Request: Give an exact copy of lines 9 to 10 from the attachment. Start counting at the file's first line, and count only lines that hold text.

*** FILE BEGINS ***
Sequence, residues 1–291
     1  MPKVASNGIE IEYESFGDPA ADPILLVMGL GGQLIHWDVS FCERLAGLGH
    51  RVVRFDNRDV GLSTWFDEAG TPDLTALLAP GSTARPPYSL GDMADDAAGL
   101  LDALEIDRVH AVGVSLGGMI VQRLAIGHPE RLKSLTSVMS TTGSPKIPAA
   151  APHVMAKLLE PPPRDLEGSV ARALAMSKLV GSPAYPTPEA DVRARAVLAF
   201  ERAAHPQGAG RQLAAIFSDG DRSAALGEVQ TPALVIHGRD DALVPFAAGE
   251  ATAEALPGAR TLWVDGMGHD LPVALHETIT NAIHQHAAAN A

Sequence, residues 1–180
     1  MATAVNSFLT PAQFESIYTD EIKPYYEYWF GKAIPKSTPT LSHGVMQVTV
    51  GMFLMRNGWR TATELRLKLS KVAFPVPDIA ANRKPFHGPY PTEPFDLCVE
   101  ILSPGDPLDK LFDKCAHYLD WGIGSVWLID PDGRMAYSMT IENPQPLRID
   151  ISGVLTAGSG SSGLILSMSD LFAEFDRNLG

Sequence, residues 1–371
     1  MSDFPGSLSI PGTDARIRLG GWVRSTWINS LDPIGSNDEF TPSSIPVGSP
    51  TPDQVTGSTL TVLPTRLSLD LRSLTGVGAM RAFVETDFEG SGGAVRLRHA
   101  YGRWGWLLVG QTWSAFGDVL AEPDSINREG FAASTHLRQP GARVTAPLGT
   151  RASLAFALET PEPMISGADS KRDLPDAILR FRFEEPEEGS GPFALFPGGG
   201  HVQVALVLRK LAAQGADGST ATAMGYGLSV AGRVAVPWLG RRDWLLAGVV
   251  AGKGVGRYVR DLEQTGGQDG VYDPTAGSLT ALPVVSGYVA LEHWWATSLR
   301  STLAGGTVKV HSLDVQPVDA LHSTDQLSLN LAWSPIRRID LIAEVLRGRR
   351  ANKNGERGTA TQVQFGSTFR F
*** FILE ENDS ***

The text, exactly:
     1  MATAVNSFLT PAQFESIYTD EIKPYYEYWF GKAIPKSTPT LSHGVMQVTV
    51  GMFLMRNGWR TATELRLKLS KVAFPVPDIA ANRKPFHGPY PTEPFDLCVE